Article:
Personally, I don't think being clipped in makes sense for touring. I like to stop often and look at the beautiful sights I see, maybe stop in a shop for coffee in the first town I get to that day, stop somewhere for lunch, stop later for a snack, stop somewhere along the way every two or three days for food(dinner in camp, other snacks, etc). Lots of stuff other than just riding the bike. I don't want to have to change into normal shoes every time I stop. Other than having the clips on the bottom of the shoe, they're also stiff and not comfortable for regular walking around. I especially think it makes less sense on an ebike. The theory behind being clipped in to the pedals is that you can pull up with your back foot and gain more power than just pushing with your front. They're good for people on race bikes who want to go as quickly as they can. You're not gonna be concerned with getting the most power out of your pedal stroke while ebike touring. All you'll succeed in doing is getting your feet stuck in them and falling over with a bike that has 50lbs of gear loaded onto it. If you're unlucky, maybe break a derailer or brake lever in the process? I'd just get some decent quality mountain bike pedals. Ideally if your budget allows, you want something that has a large platform and sealed bearings. A slim profile is nice too, but not necessary for touring. I think you'd be just fine on any OK quality aluminum flat pedals. As long as they spin smoothly and don't seem like cheap garbage, they should get you across the country. I would avoid cheap plastic pedals. Expensive plastic pedals would be OK, but no need to spend that money. I've never understood why those exist.

I personally use these pedals on two of my bikes. Nashbar was a company that sold bike parts for low prices online. Unfortunately they were bought out by a larger company(who also bought other companies like Performance Bike). The website still exists, but it's pretty basic and generic now, and is no longer a good value. Anyway, you can't get these particular pedals anymore, but they're a good example of what to look for. You might be able to find something similar in the $20 range on Amazon. https://www.amazon.com/Nashbar-Verge-Pl ... op?ie=UTF8

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Re: Poor Man's RV

Post by Electric Earth » Jun 02 2019 4:06pm

These are plastic of some sort, but seem to have a good rating after lots of reviews. They might be a good value.
https://www.amazon.com/Imrider-Lightwei ... way&sr=8-3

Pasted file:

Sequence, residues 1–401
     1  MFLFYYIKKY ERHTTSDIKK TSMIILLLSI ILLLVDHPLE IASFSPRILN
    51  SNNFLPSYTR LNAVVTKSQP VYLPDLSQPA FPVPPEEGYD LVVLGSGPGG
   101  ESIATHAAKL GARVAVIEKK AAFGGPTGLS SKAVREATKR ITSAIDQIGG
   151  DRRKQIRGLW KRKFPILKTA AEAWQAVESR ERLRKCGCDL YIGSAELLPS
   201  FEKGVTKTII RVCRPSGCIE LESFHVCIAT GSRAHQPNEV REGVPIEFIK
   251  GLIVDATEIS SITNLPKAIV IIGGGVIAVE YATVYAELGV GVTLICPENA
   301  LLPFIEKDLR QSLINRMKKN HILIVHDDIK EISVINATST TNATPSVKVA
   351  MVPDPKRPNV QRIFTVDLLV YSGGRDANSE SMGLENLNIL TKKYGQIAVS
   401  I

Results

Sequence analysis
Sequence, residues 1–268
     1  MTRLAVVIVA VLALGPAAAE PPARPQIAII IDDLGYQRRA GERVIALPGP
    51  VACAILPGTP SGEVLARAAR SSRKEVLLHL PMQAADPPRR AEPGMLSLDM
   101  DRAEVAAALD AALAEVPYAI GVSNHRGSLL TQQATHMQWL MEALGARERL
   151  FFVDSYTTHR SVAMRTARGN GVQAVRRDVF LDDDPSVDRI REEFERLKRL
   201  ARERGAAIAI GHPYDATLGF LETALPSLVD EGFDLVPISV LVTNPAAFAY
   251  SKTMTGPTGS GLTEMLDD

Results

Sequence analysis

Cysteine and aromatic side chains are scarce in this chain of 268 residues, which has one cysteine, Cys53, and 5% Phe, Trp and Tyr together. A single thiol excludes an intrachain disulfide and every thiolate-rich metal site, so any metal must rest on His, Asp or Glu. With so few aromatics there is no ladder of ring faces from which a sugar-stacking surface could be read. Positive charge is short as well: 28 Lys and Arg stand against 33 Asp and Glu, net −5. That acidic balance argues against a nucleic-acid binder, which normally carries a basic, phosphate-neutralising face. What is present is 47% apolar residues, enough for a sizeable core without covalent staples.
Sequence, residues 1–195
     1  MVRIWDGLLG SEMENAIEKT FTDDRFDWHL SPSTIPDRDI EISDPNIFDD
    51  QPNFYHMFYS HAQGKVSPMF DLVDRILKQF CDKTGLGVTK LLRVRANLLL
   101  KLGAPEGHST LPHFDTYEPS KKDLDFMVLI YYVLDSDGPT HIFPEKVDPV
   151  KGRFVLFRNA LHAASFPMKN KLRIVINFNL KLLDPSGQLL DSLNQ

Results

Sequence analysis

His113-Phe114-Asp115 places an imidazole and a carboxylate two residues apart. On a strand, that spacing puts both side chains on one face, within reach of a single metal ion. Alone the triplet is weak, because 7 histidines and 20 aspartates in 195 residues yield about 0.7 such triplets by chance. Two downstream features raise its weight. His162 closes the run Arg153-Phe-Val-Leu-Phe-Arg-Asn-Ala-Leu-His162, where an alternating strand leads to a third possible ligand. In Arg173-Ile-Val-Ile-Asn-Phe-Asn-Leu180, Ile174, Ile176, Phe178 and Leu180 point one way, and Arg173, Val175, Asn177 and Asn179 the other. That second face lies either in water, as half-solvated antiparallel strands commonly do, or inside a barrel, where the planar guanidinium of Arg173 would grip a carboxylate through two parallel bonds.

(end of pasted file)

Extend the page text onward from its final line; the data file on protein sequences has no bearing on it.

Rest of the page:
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Re: Poor Man's RV

Post by Warren » Jun 02 2019 4:29pm

Electric Earth wrote:
Jun 02 2019 3:51pm
kauaicycler wrote:
May 30 2019 9:40am
I read somewhere that they make sandals that clip into pedals, any thoughts on that from your perspective?
Personally, I don't think being clipped in makes sense for touring.
I wear my old lace up Specialized MTB shoes until the temps get to 70 F. Then I wear my old Keen bike sandals. Both have flush mount, SPD style cleats, and are totally fine for hiking around. I don't have any use for the stiff sole racing footgear.

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Re: Poor Man's RV

Post by Warren » Jun 02 2019 4:39pm

Electric Earth wrote:
Jun 02 2019 3:51pm
Nashbar was a company that sold bike parts for low prices online. Unfortunately they were bought out by a larger company(who also bought other companies like Performance Bike).
Nashbar was an old bike catalog mail order operation. The couple who started Performance copied them. They both added brick and mortar stores, and then moved online. Performance bought out Nashbar, then the original owners sold out to vulture capitalists from the northeast. Ultimately, Performance/Nashbar went bankrupt. A bike shop in California bought the URL, and their customer lists.

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Re: Poor Man's RV

Post by Chalo » Jun 02 2019 4:48pm

Warren wrote:
Jun 02 2019 10:18am
Chalo wrote:
Jun 02 2019 4:06am
Plus the dignity of a biped.
The real reason for the rejection of recumbents comes out. Lying back is seen as as a sign of submission.
It's actually a sign of a car driver.

I don't mind reclining to watch TV or lie in bed. But when I'm moving through space, I prefer to have a more active body position that gives me much better situational awareness, pedal power, and command over my bike's dynamic weight distribution.